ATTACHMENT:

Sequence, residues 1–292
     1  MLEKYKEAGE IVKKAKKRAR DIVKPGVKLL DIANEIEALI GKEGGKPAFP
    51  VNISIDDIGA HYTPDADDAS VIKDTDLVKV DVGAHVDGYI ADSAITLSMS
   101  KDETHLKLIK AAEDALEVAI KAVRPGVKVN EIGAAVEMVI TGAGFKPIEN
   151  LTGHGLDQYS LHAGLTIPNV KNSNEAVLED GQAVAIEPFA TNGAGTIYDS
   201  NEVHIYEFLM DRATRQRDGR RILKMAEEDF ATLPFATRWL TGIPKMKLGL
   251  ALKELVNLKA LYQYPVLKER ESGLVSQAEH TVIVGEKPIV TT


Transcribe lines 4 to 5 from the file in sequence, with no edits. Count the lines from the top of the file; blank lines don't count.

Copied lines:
   101  KDETHLKLIK AAEDALEVAI KAVRPGVKVN EIGAAVEMVI TGAGFKPIEN
   151  LTGHGLDQYS LHAGLTIPNV KNSNEAVLED GQAVAIEPFA TNGAGTIYDS